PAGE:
Intraocular lens implantation in eyes with pseudophakic or aphakic corneal edema and insufficient posterior capsular support is a surgical challenge [4]. The iris claw lens is fixated to the iris without sutures which is a faster procedure when compared to scleral fixating lens in combined penetrating keratoplasty [4,5]. The iris claw lens has the advantage that it can be fixated to the iris without sutures because the peripheral iris is incarcerated between the claws. Since an implantation of iris claw lenses only takes a few minutes, the hypotonic open sky phase can be shortened compared to combined surgery with the scleral fixation technique in cases of combined penetrating keratoplasty [5,6].

The purpose of this study is to evaluate the visual outcome and assess the complication rate after implantation of a retropupillary iris-claw Intraocular Lens (IOL) during Penetrating Keratoplasty (PKP).


This study was conducted during July 2016 to July 2017 at K. S. Hegde Hospital, Mangalore. Our study included 15 eyes of 15 patients and all patients were operated by a single surgeon. Patients included were pseudophakic bullous keratopathy due to Anterior Chamber Intraocular Lens (ACIOL), aphakic bullous keratopathy, leucomatous corneal opacity with lack of posterior capsular support.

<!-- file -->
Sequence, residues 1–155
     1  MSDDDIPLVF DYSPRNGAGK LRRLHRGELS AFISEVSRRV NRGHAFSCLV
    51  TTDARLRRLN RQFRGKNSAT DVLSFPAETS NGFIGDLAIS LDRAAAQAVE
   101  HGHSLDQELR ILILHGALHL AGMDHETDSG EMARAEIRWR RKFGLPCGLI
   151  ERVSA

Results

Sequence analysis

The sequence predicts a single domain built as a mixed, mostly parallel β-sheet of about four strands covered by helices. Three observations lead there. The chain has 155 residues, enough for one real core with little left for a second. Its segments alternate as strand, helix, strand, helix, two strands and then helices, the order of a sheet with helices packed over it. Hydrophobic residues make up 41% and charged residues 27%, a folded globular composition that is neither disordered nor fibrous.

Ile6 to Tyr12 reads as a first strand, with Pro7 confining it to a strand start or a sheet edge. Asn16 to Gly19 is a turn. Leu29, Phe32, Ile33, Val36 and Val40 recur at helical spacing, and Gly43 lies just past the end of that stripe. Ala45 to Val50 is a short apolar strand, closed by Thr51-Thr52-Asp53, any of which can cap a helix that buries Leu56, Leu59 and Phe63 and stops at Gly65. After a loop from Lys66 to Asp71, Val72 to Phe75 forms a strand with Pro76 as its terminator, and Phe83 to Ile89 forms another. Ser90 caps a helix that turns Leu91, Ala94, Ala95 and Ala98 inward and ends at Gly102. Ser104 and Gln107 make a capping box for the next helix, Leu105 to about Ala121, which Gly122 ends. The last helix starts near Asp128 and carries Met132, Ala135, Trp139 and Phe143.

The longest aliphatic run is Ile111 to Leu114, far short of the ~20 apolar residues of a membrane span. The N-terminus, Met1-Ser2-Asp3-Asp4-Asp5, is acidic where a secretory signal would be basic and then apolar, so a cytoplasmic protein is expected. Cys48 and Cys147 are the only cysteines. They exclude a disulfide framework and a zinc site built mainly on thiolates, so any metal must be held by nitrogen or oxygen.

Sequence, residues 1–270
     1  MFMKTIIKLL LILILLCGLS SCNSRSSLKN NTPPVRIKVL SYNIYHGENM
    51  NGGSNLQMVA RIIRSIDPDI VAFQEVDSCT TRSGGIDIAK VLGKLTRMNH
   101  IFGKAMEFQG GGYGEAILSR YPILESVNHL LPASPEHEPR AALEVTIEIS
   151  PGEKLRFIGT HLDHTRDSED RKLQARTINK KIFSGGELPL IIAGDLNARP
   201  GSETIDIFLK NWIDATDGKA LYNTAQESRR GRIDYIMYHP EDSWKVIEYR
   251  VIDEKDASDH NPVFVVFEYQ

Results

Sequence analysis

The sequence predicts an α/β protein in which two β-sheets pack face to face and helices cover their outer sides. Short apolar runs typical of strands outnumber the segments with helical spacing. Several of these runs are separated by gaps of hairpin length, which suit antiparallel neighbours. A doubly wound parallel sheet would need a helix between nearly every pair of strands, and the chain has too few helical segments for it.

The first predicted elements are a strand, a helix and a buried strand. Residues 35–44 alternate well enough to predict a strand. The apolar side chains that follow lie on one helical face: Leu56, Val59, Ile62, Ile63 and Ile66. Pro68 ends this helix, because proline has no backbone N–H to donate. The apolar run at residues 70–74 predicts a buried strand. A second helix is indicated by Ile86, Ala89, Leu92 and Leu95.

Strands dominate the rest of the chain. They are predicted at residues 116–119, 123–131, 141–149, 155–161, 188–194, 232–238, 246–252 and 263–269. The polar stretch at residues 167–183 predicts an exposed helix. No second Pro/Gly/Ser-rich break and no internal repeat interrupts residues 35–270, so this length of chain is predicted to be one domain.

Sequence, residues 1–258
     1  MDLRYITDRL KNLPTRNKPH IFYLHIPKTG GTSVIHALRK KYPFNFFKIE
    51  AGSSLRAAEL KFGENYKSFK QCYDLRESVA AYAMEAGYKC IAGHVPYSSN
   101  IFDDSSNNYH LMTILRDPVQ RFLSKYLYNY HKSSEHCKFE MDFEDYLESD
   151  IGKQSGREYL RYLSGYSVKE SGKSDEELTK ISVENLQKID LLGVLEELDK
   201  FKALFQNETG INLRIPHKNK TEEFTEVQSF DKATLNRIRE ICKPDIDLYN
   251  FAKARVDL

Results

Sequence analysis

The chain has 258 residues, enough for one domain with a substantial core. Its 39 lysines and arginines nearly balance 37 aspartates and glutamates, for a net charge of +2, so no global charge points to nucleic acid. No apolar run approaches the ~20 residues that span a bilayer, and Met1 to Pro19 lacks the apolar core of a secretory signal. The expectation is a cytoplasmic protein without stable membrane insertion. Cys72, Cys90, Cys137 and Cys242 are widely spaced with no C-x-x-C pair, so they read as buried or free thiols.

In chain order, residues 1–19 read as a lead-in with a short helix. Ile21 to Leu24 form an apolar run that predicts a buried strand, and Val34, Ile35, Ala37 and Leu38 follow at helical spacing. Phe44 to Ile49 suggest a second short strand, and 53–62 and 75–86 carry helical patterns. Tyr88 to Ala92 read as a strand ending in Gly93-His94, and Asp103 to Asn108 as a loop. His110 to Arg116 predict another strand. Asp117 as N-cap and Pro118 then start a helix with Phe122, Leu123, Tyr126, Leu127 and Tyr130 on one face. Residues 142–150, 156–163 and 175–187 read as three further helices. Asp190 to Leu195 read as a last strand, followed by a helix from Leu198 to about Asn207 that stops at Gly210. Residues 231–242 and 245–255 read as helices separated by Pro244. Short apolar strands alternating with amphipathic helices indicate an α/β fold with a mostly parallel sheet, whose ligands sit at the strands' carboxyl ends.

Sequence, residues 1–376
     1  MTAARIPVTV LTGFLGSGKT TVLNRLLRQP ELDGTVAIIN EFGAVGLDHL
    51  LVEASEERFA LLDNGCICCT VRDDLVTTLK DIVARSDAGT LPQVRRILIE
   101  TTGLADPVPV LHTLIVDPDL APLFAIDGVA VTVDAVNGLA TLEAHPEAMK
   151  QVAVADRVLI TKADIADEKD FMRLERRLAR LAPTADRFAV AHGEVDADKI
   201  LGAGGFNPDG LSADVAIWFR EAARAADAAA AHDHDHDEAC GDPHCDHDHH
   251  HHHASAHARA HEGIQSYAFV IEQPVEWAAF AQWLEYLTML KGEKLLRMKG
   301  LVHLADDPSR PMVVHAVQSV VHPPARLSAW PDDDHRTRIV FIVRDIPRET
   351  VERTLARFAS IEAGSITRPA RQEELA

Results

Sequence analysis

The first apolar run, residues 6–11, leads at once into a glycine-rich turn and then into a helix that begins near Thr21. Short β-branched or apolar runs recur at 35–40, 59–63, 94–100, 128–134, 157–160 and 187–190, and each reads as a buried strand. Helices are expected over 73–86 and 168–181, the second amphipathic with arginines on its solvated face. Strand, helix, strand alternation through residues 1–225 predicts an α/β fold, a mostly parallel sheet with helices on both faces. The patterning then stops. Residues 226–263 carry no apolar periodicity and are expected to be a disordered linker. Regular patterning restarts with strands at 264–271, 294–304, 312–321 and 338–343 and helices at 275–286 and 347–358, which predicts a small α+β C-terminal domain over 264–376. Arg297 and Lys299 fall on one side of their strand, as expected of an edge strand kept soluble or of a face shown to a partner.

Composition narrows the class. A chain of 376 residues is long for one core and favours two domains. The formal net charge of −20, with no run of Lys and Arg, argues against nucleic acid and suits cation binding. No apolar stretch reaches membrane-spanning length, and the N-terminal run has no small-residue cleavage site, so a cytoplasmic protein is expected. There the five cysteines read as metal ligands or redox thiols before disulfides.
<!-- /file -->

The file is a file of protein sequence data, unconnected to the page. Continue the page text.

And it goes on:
Patients underwent the following combined procedures:

1. Penetrating keratoplasty.

2. Anterior vitrectomy-if required.

3. Release of PAS- if needed.

4. PMMA iris claw lens fixation before graft suturing.

All patients underwent corneal trephination with trephine. After making side ports, the recipient corneal button was cut out with scissors (Figure 1). Removal of angle supported IOL implanted previously (Figure 2) was followed by anterior vitrectomy for few cases. The retropupillary iris claw lens was then enclaved with convex side down by an open sky approach on the mid peripheral iris. The donor’s corneal button was then sutured to recipient bed with 10-0 nylon sutures. Post-operatively, patients were examined on the 1st , 7th, and 30th post-operative days, and then 3 months in the follow-up period (Figure 3). Best Corrected Visual Acuity (BCVA) and Intraocular Pressure (IOP) were noted and compared to preoperative data. The graft clarity was assessed by slit-lamp examination.